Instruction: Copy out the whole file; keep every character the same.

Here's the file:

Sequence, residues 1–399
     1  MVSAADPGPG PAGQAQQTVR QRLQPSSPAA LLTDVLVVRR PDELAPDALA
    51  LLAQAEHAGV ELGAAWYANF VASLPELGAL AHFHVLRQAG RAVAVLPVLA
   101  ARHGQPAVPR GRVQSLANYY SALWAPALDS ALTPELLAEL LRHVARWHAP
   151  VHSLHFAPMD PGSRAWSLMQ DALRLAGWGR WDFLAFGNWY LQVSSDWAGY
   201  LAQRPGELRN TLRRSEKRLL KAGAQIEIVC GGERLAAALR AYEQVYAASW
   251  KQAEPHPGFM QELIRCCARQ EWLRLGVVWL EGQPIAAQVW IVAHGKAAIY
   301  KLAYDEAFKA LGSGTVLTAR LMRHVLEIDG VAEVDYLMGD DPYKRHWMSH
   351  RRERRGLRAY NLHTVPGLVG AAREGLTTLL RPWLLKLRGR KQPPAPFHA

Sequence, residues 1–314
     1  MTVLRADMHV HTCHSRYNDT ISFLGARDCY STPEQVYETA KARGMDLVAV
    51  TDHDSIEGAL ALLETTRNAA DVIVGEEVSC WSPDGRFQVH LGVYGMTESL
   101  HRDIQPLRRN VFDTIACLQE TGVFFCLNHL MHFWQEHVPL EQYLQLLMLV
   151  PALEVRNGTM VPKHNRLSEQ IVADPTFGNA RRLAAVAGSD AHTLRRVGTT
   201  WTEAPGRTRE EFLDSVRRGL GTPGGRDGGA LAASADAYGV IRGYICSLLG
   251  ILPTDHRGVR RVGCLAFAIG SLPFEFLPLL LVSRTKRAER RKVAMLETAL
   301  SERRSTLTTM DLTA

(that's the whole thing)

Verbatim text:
Sequence, residues 1–399
     1  MVSAADPGPG PAGQAQQTVR QRLQPSSPAA LLTDVLVVRR PDELAPDALA
    51  LLAQAEHAGV ELGAAWYANF VASLPELGAL AHFHVLRQAG RAVAVLPVLA
   101  ARHGQPAVPR GRVQSLANYY SALWAPALDS ALTPELLAEL LRHVARWHAP
   151  VHSLHFAPMD PGSRAWSLMQ DALRLAGWGR WDFLAFGNWY LQVSSDWAGY
   201  LAQRPGELRN TLRRSEKRLL KAGAQIEIVC GGERLAAALR AYEQVYAASW
   251  KQAEPHPGFM QELIRCCARQ EWLRLGVVWL EGQPIAAQVW IVAHGKAAIY
   301  KLAYDEAFKA LGSGTVLTAR LMRHVLEIDG VAEVDYLMGD DPYKRHWMSH
   351  RRERRGLRAY NLHTVPGLVG AAREGLTTLL RPWLLKLRGR KQPPAPFHA

Sequence, residues 1–314
     1  MTVLRADMHV HTCHSRYNDT ISFLGARDCY STPEQVYETA KARGMDLVAV
    51  TDHDSIEGAL ALLETTRNAA DVIVGEEVSC WSPDGRFQVH LGVYGMTESL
   101  HRDIQPLRRN VFDTIACLQE TGVFFCLNHL MHFWQEHVPL EQYLQLLMLV
   151  PALEVRNGTM VPKHNRLSEQ IVADPTFGNA RRLAAVAGSD AHTLRRVGTT
   201  WTEAPGRTRE EFLDSVRRGL GTPGGRDGGA LAASADAYGV IRGYICSLLG
   251  ILPTDHRGVR RVGCLAFAIG SLPFEFLPLL LVSRTKRAER RKVAMLETAL
   301  SERRSTLTTM DLTA